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Thread: Headphones vs Speakers?

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    Default Headphones vs Speakers?

    I have a gaming headset which I've started using to listen to music, and even though I have a surround sound system I have noticed a jump in quality over the headset, maybe because I don't have the distractions of outside sounds and inside sounds to bother me. What are your thoughts on headphones vs speakers?

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    I'm not sure which can create the best listening environment. For me I only use headphones when not wanting to my bother others around me or when there is some external noise that I wish to filter (I have noise reduction headphones).

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    Senior Member elgars ghost's Avatar
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    I prefer headphones unless I'm having to move about - listening to classical music through headphones gives me a feeling of cocooning myself away from outside distractions (i.e. if the phone rings or someone knocks the door and I don't hear it then it's just too bad!) and helps me concentrate on the music more. On the other hand, headphones do accentuate things such as the Barbirolli Grunt, the Gould Hum or the String Quartet Stomp!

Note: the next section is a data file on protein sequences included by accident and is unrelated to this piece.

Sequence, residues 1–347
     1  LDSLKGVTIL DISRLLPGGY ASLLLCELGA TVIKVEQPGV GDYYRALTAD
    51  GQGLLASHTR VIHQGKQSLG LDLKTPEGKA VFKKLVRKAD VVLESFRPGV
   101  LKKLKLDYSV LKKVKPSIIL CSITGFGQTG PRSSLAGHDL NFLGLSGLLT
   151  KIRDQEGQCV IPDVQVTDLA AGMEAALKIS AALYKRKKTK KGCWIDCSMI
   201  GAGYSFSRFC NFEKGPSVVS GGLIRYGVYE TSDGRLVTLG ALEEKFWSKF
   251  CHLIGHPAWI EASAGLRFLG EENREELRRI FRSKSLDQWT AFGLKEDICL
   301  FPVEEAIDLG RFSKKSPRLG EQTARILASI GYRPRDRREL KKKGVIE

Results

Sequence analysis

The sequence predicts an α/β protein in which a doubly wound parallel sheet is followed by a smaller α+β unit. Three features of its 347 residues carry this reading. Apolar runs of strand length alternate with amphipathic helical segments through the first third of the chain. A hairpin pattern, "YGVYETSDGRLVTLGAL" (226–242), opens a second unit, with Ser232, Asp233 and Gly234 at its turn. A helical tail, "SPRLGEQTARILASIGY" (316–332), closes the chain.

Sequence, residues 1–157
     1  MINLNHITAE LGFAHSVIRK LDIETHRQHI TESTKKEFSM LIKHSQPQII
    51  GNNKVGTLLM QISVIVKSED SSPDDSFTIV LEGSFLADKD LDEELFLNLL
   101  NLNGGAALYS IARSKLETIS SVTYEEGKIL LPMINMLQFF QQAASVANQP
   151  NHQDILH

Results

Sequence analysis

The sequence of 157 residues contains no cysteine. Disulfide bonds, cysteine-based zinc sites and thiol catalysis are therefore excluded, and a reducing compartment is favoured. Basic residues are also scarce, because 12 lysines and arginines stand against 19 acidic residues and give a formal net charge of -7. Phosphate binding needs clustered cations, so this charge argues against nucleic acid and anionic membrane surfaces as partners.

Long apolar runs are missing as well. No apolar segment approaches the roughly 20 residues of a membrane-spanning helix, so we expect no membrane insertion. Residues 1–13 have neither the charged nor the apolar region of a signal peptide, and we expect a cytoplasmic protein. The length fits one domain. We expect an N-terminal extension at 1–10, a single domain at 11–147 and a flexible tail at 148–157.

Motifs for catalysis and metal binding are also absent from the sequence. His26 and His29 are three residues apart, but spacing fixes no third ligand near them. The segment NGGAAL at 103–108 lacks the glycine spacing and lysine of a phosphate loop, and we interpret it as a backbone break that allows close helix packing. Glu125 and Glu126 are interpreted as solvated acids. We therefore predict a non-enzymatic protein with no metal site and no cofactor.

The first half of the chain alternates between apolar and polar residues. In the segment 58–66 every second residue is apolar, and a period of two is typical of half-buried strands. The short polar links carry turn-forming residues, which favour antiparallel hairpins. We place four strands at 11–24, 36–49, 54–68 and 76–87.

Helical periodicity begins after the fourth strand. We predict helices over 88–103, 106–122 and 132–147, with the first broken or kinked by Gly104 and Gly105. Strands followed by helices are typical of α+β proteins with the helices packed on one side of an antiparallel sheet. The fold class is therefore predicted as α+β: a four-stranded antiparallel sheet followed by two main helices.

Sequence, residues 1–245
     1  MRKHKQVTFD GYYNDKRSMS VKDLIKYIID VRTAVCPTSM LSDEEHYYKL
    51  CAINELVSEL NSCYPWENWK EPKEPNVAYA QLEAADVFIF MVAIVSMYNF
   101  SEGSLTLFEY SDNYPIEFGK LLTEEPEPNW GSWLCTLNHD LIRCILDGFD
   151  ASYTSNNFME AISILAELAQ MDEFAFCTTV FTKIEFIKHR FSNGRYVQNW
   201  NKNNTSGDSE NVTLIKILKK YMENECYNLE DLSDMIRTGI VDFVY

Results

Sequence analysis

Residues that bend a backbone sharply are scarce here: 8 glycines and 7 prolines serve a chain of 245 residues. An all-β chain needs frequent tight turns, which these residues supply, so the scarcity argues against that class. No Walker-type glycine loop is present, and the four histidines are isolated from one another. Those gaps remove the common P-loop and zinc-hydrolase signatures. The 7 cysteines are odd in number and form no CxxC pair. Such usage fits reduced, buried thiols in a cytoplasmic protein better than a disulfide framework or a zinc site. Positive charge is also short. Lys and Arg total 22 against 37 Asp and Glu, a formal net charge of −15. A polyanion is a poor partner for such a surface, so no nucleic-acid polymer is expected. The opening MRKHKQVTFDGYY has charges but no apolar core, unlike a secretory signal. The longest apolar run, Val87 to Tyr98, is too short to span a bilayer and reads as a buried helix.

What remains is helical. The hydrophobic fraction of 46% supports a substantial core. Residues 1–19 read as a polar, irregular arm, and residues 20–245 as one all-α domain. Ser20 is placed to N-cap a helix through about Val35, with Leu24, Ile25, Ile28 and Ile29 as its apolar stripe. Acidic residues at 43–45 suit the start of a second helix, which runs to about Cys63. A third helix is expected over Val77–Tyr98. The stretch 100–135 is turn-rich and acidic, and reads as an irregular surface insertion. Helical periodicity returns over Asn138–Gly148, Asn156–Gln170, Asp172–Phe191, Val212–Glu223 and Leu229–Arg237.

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    Good headphones are a lot cheaper than a good speaker system, and they work better in apartments where disturbing neighbors is an issue. But a really good speaker setup totally blows away headphones. I recently bought my first house and built a listening room. I haven't put on my headphones since. There's no comparison. Headphones are much less balanced overall and you don't feel the music around you like with speakers.

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    Senior Member kv466's Avatar
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    I love all the things headphones bring out in the music but there is no comparison to the sound of a good speaker system where you not only hear the music but feel it, too.

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    Senior Member presto's Avatar
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    Speakers, I have a reasonably good Hi-Fi and hearing the sound coming from them is a far more natural one compared to the “inside of the head” sound experience I get from headphones.

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    Senior Member Amfibius's Avatar
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    Headphones are good for analytical listening. If you want to listen deep into a recording, headphones will give you a more pure experience. The reason - headphones are not burdened with the problems that speakers in rooms have - no phase issues from complex crossovers, no echoes and reflections, no frequency peaks and dips from room modes, etc. What's more - headphones are much cheaper than a good hifi system.

    However - a hifi system sounds more realistic. There is nothing like having the sound in front of you as opposed to in your head (as presto says).

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    Most of us who have really good speaker systems have dealt with those sorts of problems and disposed of them, Amfibus. The difference then is one of balance. Headphones emphasize some aspects of sound (like upper midrange details) and tend to underplay other aspects (the upper range of the bass). Speakers on the other hand, tend to present sound very much like it would sound live.